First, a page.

Their forthcoming self-titled EP is packed with songs like “Falls on me,” songs that sound like “a song from the past that’s incredible but for whatever reason, is basically unknown.” Schwab said “[‘Falls on me’] is about deliverance and a returning home that took me many years to arrive at.”
Scruffpuppie, aka singer-songwriter JJ Shurbet, is the fourth signing to Saddest Factory, the Phoebe Bridgers-run label imprint. Phoebe Bridgers’ co-writer and drummer, Marshall Vore, worked with Shurbet on “Assignment Song,” a clear story of Shurbet’s path to sobriety, with lines like, “It’ll take a bit of patience / To get back on our feet again.” The song release date marks one year clean for Shurbet, according to a profile on Scruffpuppie in The Line of Best Fit, and was first written during rehab as a literal “assignment” from one of her counselors, then reworked with Vore, adding new verses and choruses later on.
Despite the heaviness of the subject, detailing how recovery isn’t always linear, the song has an uplifting, driving feeling to it. In that same profile, Shurbet said, “[‘Assignment Song’] was the song Marshall and I were most excited about on the record.”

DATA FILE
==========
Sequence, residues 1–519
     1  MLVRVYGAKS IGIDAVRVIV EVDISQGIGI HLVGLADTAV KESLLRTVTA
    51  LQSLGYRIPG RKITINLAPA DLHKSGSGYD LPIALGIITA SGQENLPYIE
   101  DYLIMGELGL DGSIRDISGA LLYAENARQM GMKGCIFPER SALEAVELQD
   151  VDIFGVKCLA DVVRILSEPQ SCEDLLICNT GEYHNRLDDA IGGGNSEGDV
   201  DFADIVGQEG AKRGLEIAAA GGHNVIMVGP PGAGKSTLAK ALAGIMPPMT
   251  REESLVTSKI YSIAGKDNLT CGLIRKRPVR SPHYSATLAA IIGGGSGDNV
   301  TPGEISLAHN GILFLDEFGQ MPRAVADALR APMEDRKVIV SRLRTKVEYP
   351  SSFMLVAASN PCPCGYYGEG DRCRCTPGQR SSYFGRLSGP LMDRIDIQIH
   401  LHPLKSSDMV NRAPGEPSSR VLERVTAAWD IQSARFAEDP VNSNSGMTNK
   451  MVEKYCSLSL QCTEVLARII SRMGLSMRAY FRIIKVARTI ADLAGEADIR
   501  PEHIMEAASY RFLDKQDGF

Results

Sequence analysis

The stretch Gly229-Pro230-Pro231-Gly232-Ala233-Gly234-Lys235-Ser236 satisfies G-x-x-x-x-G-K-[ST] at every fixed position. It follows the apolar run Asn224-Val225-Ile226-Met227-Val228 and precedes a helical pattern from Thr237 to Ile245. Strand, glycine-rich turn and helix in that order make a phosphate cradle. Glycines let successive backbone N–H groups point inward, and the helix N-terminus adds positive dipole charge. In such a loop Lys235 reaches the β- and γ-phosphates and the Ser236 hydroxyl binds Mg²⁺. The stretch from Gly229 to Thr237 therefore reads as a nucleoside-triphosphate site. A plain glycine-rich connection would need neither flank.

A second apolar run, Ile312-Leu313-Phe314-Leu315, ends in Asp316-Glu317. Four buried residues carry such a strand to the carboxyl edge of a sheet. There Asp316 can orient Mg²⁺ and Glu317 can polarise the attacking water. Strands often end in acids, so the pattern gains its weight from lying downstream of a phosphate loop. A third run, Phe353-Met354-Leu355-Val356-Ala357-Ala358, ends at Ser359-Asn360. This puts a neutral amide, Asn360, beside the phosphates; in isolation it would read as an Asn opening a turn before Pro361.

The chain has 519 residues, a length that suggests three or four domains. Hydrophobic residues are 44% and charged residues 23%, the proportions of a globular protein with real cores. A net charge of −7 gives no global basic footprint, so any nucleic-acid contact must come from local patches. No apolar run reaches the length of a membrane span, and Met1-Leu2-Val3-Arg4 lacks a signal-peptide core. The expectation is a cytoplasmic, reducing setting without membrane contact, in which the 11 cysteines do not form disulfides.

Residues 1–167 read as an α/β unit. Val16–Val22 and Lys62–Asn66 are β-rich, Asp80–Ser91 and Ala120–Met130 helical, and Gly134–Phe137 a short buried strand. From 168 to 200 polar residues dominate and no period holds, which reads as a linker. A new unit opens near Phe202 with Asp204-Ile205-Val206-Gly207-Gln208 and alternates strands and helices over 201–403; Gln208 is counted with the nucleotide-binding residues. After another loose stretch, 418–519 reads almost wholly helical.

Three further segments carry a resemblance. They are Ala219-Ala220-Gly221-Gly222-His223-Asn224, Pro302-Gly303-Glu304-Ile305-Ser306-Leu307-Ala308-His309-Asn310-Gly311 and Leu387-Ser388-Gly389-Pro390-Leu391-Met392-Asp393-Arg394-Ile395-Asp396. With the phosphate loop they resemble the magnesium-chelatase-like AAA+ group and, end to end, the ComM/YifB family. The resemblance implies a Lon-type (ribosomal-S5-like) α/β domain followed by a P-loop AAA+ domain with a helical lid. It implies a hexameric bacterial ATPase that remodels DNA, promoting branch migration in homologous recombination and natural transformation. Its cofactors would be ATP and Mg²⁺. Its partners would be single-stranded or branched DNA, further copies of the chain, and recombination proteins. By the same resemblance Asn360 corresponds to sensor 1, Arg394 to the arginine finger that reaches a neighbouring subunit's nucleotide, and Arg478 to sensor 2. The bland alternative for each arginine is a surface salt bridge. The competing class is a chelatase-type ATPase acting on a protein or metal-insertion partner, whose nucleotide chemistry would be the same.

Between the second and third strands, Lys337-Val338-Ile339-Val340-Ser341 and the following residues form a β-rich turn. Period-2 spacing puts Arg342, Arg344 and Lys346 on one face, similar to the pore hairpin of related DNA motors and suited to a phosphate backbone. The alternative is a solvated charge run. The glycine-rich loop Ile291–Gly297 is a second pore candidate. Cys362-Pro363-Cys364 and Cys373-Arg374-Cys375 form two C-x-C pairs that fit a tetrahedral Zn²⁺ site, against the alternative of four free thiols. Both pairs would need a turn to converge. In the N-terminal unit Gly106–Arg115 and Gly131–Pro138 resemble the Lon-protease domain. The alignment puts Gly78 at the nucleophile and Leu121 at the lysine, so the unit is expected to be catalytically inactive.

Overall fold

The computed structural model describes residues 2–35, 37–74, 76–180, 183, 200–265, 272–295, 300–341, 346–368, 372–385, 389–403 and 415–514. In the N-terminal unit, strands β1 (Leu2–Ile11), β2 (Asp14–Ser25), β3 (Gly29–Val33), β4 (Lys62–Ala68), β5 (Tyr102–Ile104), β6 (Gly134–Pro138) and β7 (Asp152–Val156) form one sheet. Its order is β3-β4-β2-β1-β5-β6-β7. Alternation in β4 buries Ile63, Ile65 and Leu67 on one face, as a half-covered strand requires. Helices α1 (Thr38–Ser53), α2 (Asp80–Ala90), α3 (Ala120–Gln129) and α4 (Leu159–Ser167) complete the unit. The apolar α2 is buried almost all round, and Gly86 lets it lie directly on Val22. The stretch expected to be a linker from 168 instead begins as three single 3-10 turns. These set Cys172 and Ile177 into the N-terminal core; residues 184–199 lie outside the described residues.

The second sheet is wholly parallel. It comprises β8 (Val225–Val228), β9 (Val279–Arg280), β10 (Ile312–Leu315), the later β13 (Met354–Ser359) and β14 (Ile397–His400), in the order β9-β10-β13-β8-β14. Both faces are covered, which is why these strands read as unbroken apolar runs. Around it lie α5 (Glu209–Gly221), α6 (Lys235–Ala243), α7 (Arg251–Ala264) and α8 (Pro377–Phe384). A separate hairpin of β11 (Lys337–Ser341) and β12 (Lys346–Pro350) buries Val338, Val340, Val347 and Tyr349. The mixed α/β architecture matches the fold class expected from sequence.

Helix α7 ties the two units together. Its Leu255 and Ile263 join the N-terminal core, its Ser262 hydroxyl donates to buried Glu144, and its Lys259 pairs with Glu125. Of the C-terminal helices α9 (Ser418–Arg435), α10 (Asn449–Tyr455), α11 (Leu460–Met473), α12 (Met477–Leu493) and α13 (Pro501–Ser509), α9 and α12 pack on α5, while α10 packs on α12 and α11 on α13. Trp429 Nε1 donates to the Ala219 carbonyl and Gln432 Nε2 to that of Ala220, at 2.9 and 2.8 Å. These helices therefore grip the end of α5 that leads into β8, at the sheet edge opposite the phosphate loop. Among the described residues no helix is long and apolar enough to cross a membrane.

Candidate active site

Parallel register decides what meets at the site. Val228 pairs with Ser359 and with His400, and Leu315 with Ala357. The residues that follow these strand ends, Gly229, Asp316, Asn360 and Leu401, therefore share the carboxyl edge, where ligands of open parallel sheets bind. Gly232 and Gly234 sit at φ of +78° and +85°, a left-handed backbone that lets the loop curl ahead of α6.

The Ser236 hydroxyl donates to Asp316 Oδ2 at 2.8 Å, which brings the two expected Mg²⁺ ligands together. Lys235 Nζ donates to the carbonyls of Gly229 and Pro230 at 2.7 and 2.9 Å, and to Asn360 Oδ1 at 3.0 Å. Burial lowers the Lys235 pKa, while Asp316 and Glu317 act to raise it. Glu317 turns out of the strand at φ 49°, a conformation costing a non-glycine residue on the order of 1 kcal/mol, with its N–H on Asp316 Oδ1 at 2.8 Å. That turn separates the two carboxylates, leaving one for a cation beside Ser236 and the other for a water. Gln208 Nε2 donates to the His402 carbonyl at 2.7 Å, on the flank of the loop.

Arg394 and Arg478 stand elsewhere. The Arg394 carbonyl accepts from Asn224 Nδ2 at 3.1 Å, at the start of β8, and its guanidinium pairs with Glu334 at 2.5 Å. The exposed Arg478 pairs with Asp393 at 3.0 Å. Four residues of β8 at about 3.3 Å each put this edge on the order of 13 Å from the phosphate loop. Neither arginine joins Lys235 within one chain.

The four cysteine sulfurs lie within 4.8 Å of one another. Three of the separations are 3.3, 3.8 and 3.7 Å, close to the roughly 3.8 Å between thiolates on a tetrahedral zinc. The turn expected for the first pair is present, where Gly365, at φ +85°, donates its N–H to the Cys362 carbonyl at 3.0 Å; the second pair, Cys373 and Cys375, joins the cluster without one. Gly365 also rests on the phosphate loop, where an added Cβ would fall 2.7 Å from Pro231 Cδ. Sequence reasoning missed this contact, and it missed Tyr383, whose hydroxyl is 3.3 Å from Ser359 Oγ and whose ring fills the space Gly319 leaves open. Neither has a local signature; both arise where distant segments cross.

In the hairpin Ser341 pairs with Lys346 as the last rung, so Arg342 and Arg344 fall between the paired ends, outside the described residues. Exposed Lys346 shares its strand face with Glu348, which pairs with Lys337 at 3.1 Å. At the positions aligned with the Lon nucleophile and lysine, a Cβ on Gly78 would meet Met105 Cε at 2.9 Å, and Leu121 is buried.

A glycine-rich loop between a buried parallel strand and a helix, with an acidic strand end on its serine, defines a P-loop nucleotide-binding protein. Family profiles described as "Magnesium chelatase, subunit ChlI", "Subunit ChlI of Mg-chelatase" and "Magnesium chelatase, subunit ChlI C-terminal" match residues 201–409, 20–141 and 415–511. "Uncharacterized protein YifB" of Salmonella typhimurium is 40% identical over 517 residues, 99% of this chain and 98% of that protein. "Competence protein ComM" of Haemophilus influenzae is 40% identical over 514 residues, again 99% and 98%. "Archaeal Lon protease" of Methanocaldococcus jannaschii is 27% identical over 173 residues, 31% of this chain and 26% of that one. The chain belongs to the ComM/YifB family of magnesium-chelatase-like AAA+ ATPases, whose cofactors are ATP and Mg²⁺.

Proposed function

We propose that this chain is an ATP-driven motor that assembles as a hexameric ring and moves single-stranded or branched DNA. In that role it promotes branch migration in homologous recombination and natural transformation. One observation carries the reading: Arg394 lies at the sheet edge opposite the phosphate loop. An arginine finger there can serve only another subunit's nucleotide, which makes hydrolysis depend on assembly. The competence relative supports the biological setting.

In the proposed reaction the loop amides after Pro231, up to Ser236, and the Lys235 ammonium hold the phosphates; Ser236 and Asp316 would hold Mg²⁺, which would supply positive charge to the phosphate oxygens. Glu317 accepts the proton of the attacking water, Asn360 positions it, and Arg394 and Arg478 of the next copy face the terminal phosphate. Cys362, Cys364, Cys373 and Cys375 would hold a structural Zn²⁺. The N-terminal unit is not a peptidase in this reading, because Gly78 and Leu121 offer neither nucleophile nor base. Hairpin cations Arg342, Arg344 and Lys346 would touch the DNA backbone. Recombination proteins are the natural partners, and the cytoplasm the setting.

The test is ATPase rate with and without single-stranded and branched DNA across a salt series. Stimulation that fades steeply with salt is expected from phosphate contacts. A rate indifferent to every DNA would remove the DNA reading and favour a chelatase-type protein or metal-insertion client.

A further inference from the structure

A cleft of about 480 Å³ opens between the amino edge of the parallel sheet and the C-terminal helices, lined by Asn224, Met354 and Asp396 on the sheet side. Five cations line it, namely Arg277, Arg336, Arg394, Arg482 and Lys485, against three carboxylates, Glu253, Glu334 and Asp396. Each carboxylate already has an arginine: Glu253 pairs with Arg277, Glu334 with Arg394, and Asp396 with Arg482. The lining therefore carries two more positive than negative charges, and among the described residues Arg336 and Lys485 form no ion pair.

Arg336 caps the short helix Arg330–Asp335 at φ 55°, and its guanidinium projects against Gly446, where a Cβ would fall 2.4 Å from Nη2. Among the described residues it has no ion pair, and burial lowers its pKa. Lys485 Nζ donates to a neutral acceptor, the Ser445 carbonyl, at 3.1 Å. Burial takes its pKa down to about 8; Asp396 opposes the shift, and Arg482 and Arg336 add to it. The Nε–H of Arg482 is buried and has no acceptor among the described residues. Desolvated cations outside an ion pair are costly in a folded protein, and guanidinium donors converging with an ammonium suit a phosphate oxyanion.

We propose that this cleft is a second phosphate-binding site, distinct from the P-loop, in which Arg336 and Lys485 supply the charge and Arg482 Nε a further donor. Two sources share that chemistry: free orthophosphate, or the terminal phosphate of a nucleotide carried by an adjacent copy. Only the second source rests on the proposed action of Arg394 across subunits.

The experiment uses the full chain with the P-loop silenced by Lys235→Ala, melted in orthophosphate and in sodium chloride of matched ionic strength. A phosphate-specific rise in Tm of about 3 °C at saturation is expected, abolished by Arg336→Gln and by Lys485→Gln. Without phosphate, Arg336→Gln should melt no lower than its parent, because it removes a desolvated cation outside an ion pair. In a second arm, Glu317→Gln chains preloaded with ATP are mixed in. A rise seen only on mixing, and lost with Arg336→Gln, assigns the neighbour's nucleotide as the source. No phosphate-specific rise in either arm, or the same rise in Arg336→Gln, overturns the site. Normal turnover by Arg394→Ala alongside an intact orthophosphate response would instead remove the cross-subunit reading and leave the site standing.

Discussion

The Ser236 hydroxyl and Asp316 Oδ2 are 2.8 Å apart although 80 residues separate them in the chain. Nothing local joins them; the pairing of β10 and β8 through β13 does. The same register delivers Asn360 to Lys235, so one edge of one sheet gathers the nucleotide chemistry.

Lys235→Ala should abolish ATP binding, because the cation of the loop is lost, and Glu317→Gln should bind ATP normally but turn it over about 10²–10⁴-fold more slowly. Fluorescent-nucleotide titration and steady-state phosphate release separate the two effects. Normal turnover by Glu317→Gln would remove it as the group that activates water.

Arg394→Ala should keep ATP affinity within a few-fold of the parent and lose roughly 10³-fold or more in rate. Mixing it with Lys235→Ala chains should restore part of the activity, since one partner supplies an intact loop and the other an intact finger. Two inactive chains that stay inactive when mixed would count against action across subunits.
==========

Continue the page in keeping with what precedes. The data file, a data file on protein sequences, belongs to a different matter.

Although “Aquamarine,” the first single from Fun House — the new album from Meg Duffy, aka Hand Habits — was a bit of a shift into electronic sounds, “No Difference” is what we expect from Duffy’s alias, solidly at home in folk-rock.
“No Difference,” and the rest of Fun House, was born out a situation of musical collaboration: Duffy moved into a house with Kyle Thomas, aka King Tuff, and Sasami in 2020. In an interview with Paste Magazine, Duffy said of living with the two artists: “Every day, in this house I was spending all of my time in, I was hearing them make music. Finally, I was like, ‘Damn, that sounds good. I guess I have to make another record.” (The three of them did put out an EP, dirt, earlier this year.)
Duffy said via their Instagram: “Excited to share my personal favorite track on Fun House, ‘No Difference.’ With this song, I was trying to capture the cyclical essence of projection and how it can really block authentic connection.”
You can pre-order ‘Fun House’ from VMP here.